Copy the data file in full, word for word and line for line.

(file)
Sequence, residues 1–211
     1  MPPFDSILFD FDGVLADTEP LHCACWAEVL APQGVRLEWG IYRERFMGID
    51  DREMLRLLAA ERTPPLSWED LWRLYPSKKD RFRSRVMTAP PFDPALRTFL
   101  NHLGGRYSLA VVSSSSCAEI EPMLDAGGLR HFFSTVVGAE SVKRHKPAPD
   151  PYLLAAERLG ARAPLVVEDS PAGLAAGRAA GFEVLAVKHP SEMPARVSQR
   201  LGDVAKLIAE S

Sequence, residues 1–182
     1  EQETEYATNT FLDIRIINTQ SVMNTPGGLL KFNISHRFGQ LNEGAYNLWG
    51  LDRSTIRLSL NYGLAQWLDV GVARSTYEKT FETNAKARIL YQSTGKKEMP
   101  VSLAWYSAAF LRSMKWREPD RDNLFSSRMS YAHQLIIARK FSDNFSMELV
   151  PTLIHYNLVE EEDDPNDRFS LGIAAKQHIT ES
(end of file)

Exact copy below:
Sequence, residues 1–211
     1  MPPFDSILFD FDGVLADTEP LHCACWAEVL APQGVRLEWG IYRERFMGID
    51  DREMLRLLAA ERTPPLSWED LWRLYPSKKD RFRSRVMTAP PFDPALRTFL
   101  NHLGGRYSLA VVSSSSCAEI EPMLDAGGLR HFFSTVVGAE SVKRHKPAPD
   151  PYLLAAERLG ARAPLVVEDS PAGLAAGRAA GFEVLAVKHP SEMPARVSQR
   201  LGDVAKLIAE S

Sequence, residues 1–182
     1  EQETEYATNT FLDIRIINTQ SVMNTPGGLL KFNISHRFGQ LNEGAYNLWG
    51  LDRSTIRLSL NYGLAQWLDV GVARSTYEKT FETNAKARIL YQSTGKKEMP
   101  VSLAWYSAAF LRSMKWREPD RDNLFSSRMS YAHQLIIARK FSDNFSMELV
   151  PTLIHYNLVE EEDDPNDRFS LGIAAKQHIT ES